Leukocyte count is 16,900/μL, with a predominanceof polymorphonuclear forms; hemoglobin level, 8.5 g/dL;mean corpuscular volume, normal; platelet count, 85,000/μL.A chemistry panel reveals mild hyponatremia and hypokalemia.A chest film shows no pulmonary infiltrates or grosscongestive heart failure (CHF). An ECG demonstratessinus tachycardia with a normal PR interval and no acuteinjury currents. Urinalysis is positive for hematuria. Preliminaryevaluation of one set of blood cultures showsgrowth of gram-positive cocci. A second set of culturesalso reveals growth; however, the organisms have notyet been identified.

Antibiotics have been started.

Which of the following is the most appropriate next step?

A. Order a bone marrow biopsy to evaluate the hematologic abnormalitiesthat may be the cause of the patient's illness.
B. Order a colonoscopy to investigate a possible colonic source for herbacteremia.
C. Evaluate the genitourinary tract for obstruction or other pathology thatmight be a source for her bacteremia.
D. Obtain a transthoracic echocardiogram.
E. Obtain a cardiothoracic surgery evaluation for urgent valve replacementor repair.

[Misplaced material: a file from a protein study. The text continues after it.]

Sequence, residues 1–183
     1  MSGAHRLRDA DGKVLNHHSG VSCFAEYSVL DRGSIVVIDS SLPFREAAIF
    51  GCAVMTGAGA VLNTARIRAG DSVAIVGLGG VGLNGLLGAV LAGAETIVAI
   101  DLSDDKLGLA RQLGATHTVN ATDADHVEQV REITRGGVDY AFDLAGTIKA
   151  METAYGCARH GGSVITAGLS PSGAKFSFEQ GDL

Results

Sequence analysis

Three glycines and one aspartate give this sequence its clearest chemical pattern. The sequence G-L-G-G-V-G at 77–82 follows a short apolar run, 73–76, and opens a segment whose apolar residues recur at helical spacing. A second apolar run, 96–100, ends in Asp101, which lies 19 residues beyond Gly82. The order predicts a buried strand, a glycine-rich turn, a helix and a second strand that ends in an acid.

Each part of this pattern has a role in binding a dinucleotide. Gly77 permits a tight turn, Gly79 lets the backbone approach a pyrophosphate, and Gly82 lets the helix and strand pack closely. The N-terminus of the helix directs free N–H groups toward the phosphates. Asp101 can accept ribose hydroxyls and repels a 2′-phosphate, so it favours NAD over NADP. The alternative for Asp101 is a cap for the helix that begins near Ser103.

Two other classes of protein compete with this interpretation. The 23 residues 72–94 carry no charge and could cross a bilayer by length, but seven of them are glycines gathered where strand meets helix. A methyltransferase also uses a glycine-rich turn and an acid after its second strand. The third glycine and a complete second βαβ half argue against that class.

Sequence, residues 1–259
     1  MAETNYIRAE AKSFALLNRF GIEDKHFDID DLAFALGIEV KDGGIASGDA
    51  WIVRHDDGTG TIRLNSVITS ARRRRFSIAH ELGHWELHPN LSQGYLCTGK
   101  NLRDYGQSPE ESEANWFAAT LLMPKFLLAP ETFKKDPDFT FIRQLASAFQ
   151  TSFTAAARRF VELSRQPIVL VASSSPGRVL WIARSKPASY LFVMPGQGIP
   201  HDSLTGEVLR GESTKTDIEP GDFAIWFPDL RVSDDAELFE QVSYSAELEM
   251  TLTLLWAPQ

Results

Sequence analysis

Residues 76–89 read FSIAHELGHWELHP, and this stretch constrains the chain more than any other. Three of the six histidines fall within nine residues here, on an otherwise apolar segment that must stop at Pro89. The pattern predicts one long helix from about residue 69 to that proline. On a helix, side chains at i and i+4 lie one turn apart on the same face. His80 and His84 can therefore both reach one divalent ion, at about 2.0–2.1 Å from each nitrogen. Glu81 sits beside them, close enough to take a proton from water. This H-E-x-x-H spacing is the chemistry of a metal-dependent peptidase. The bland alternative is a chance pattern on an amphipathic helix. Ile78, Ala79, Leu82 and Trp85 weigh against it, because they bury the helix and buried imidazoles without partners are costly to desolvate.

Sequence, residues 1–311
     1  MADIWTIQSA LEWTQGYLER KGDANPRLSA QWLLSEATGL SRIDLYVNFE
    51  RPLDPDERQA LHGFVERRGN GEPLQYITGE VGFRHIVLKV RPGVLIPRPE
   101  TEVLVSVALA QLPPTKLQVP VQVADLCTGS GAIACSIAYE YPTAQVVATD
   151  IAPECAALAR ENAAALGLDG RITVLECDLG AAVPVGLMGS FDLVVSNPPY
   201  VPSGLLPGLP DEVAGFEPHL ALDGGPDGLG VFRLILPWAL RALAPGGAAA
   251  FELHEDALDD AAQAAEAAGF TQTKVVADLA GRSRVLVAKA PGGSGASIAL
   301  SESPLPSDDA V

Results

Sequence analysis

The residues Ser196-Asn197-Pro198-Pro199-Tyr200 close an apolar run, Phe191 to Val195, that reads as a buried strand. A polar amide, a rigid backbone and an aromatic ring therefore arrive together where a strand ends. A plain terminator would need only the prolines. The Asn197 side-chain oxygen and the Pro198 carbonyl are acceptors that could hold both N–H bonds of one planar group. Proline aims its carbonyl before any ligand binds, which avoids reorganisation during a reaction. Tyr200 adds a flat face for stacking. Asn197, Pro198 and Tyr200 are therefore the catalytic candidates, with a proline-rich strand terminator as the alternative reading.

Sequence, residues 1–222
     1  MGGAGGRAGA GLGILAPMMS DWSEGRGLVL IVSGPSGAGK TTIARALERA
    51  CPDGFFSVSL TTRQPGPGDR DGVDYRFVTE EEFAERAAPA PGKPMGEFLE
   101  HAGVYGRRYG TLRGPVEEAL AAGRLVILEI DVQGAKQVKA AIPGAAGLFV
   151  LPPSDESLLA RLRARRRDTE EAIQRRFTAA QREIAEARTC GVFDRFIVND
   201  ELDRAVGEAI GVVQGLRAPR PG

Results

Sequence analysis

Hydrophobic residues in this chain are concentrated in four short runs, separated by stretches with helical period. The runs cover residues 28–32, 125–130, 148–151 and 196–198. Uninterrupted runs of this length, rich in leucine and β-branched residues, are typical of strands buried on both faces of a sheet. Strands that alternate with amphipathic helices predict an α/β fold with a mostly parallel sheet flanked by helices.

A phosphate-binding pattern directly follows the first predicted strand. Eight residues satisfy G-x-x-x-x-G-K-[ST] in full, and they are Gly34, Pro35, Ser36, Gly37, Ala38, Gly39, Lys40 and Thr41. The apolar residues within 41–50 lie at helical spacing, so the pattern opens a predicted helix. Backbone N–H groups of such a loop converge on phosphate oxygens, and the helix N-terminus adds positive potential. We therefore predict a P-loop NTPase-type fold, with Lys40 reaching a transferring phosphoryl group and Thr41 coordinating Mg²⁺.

A transthoracic echocardiogram is indicated to confirm the diagnosis of bacterialendocarditis.

Clinical and laboratory evidence. The findings here essentially fulfill themodified Duke criteria for diagnosis of endocarditis.1 These guidelines include2 types of major criteria:

  • Microbiologic criteria. These include typical organisms, such as Staphylococcusaureus, from 2 separate blood cultures without a primary focus; typical microorganismsisolated from persistently positive blood cultures; or a singleblood culture of Coxiella burnetii.
  • Endocardial involvement criteria. These include new valvular regurgitation orechocardiographic evidence of vegetations.